Before my October issues of Cooking Light and Vegetarian Times magazines arrived, I was looking forward to each publication’s taste test awards. Partly to see if I was buying the best in the grocery aisle and partly to get the inside scoop on how the decisions were made.
Both magazines handled their contests differently, and though neither is wrong, I preferred some aspects of Cooking Light’s to Vegetarian Times’ and vice versa. Here’s how the two stack up.
Right to Vote: Cooking Light magazine‘s contest vaguely referred to its group of “tasters” who helped judge the best brands in categories like hummus, whole wheat bread, tortilla chips and light microwave popcorn. Vegetarian Times put its ballot together internally, then turned it over to its readers to weigh in on the best cereals, frozen entrees, vinegars, and gluten-free cookies and cakes.
Ulterior Methods: Though Vegetarian Times magazine gave its readers a voice, the magazine said little about its selection process. The products tested by Cooking Light had to meet qualifications like being available in major markets. Others were eliminated for being high in salts or artificial sugars.
Scattergories: My preference on how the two presented their categories is somewhat divided, though in the end, Cooking Light may be better. Its categories were very narrow, like Light Sour Cream, Mild Tomato Salsa and Long-Grain Brown Rice. By comparison, Vegetarian Times’ divisions were broader, like Quick Sauces, Frozen Desserts and Organic Plain Yogurts.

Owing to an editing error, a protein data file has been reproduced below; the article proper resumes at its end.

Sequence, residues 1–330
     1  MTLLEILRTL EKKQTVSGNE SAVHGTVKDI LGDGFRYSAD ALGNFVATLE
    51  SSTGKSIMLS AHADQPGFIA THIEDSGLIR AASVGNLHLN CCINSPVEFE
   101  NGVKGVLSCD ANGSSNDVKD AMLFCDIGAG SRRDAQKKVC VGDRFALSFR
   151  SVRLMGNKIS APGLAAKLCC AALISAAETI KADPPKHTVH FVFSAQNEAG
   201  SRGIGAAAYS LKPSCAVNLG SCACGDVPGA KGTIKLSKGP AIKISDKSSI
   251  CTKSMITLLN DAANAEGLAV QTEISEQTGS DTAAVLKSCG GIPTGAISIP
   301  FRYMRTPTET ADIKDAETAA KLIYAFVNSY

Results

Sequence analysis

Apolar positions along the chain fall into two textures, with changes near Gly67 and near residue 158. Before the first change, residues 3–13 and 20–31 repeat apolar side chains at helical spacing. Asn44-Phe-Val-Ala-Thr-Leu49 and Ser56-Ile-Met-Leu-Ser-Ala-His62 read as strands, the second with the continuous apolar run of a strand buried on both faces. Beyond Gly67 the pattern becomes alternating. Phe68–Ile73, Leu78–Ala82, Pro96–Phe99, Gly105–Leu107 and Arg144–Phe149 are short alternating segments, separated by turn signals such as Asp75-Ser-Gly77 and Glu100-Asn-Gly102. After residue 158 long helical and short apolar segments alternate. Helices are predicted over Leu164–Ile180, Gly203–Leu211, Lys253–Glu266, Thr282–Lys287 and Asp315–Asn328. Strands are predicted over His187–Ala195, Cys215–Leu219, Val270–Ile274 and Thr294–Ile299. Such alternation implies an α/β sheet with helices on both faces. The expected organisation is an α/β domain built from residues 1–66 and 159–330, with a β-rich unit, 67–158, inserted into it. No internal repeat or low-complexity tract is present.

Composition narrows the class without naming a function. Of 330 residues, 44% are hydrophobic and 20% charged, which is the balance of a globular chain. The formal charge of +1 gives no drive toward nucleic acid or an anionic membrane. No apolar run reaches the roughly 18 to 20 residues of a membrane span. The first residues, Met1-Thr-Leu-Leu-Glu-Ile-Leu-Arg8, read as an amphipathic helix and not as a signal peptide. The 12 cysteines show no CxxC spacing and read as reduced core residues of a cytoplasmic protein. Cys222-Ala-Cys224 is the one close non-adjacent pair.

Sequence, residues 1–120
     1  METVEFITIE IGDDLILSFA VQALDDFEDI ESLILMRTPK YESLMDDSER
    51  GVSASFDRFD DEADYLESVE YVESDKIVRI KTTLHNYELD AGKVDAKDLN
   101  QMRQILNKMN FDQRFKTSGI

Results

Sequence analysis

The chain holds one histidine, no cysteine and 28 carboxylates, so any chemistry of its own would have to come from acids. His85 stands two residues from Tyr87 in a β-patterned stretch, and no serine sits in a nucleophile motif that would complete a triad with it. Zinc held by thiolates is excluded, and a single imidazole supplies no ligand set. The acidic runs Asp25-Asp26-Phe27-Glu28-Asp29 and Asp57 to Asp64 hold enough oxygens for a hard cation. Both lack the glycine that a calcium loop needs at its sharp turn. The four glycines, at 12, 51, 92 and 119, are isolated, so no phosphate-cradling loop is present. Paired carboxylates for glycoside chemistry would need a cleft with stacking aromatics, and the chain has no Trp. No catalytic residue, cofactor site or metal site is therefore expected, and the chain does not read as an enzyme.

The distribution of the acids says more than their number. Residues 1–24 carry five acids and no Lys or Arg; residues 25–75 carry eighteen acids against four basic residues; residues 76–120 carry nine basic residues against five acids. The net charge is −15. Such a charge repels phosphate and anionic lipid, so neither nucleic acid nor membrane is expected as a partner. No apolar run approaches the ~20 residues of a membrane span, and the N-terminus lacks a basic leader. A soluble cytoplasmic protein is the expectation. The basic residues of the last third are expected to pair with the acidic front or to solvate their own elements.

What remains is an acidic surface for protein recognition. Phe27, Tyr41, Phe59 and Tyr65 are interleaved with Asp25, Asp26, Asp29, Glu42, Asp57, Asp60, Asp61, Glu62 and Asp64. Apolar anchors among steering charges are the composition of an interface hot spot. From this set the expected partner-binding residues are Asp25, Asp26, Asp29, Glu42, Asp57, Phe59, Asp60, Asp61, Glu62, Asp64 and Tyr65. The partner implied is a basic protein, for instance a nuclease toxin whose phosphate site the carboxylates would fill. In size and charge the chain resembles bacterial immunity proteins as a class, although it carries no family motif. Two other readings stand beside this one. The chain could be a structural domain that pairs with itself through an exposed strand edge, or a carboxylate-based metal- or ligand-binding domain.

No Comparison: Cooking Light also provided additional coverage (which Vegetarian Times didn’t have) that clearly gives it the edge here. Throughout its recommendations, the magazine’s food editors shared tips on the uses of various products and what they looked for in taste. Its added bonus are awards for artisanal categories like cheeses, spirits and beer, meats, condiments and sweets, which were recognized by region rather than overall.